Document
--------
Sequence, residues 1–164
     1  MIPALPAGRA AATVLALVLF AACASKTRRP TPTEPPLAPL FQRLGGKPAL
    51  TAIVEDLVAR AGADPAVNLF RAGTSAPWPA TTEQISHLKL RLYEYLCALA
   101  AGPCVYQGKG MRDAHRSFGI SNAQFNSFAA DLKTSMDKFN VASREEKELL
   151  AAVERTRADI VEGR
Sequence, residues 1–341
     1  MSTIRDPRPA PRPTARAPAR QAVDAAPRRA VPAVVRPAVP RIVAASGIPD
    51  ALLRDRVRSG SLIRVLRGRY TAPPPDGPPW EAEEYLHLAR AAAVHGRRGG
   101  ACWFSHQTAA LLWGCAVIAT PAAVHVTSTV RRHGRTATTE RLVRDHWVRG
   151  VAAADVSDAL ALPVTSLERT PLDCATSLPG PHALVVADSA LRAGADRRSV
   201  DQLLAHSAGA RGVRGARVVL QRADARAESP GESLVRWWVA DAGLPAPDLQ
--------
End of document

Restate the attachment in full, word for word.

Sequence, residues 1–164
     1  MIPALPAGRA AATVLALVLF AACASKTRRP TPTEPPLAPL FQRLGGKPAL
    51  TAIVEDLVAR AGADPAVNLF RAGTSAPWPA TTEQISHLKL RLYEYLCALA
   101  AGPCVYQGKG MRDAHRSFGI SNAQFNSFAA DLKTSMDKFN VASREEKELL
   151  AAVERTRADI VEGR
Sequence, residues 1–341
     1  MSTIRDPRPA PRPTARAPAR QAVDAAPRRA VPAVVRPAVP RIVAASGIPD
    51  ALLRDRVRSG SLIRVLRGRY TAPPPDGPPW EAEEYLHLAR AAAVHGRRGG
   101  ACWFSHQTAA LLWGCAVIAT PAAVHVTSTV RRHGRTATTE RLVRDHWVRG
   151  VAAADVSDAL ALPVTSLERT PLDCATSLPG PHALVVADSA LRAGADRRSV
   201  DQLLAHSAGA RGVRGARVVL QRADARAESP GESLVRWWVA DAGLPAPDLQ